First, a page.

That was how they understood the system of natural liberty. “Liberalism,” by contrast, is of recent vintage. Was the original commitment to what eighteenth-century British thinkers referred to as “the system of natural liberty” rationalist, traditionalist, conservative, radical, universalist, nationalist, democratic, or individualistic? Clearly, or rather unclearly, it was none and all of the above. Eminently practical men, the Founders were convinced by facts that freedom is both efficient—that is, conducive to the maximum aggregate prosperity—and right. The impetus was thus profoundly moral and spiritual, based on the principle that each of us had been endowed by our Creator with unalienable rights. That we were all equally unequal—in talents, abilities, and personalities—was to them self-evident.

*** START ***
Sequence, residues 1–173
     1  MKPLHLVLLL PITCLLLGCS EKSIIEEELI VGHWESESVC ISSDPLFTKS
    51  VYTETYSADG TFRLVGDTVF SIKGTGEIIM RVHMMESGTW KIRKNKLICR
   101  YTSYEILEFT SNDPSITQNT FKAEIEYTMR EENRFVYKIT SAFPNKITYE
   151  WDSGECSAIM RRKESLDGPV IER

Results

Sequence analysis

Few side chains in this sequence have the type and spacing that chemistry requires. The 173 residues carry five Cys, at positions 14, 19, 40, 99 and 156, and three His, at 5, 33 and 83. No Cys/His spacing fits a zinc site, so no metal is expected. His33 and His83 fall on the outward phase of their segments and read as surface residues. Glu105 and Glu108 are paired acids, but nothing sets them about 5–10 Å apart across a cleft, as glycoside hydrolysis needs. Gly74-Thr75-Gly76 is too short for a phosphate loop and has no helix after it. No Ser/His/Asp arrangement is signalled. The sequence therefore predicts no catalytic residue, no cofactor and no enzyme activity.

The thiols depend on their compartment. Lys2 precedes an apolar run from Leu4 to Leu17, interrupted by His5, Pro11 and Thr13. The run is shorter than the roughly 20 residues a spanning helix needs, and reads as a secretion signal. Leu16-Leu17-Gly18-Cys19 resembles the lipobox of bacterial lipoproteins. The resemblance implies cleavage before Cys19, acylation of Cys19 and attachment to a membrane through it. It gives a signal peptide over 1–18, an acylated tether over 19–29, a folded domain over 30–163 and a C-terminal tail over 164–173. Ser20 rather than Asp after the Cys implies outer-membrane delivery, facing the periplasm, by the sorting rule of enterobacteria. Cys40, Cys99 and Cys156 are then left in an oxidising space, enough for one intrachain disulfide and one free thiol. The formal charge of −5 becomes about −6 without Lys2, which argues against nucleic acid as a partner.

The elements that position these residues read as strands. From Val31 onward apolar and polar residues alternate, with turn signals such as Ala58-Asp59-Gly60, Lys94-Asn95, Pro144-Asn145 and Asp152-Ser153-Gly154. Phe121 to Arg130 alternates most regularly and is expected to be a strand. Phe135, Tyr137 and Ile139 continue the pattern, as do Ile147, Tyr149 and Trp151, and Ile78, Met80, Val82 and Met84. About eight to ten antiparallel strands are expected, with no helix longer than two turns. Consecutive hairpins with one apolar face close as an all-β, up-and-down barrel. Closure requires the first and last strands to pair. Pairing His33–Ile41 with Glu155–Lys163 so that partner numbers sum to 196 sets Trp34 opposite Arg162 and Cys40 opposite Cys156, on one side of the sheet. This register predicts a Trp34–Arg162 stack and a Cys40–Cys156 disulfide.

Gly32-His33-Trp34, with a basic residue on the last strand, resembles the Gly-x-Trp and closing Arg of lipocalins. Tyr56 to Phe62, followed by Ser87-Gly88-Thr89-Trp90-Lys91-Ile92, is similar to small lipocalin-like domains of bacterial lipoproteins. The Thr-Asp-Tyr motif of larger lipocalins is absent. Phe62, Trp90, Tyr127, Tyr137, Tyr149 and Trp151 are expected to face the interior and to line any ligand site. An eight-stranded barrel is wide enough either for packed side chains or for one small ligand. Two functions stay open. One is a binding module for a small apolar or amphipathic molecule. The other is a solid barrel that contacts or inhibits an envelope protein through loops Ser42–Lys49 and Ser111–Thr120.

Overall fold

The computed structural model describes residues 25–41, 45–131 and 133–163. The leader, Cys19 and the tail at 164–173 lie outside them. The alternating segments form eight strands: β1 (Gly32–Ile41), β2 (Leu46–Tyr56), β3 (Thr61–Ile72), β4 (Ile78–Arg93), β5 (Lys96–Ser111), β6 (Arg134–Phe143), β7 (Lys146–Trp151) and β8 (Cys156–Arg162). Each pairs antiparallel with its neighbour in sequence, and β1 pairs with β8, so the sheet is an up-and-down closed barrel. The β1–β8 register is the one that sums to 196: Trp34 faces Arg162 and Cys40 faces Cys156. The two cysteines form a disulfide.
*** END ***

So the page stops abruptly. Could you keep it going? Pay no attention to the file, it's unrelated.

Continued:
Over the course of many decades, however, this vision gradually eroded in America specifically thanks to Progressives such as John Dewey and Woodrow Wilson. As early as 1927, Ludwig von Mises wrote in Liberalism in the Classical Tradition that “the doctrine of liberalism is different today from what it was [in the days of Adam Smith], even though its fundamental principles have remained unchanged.” Three and a half decades later, he would add in a second preface: “In the United States ‘liberal’ means today a set of ideas and political postulates that in every regard are the opposite of all that liberalism meant to the preceding generations.”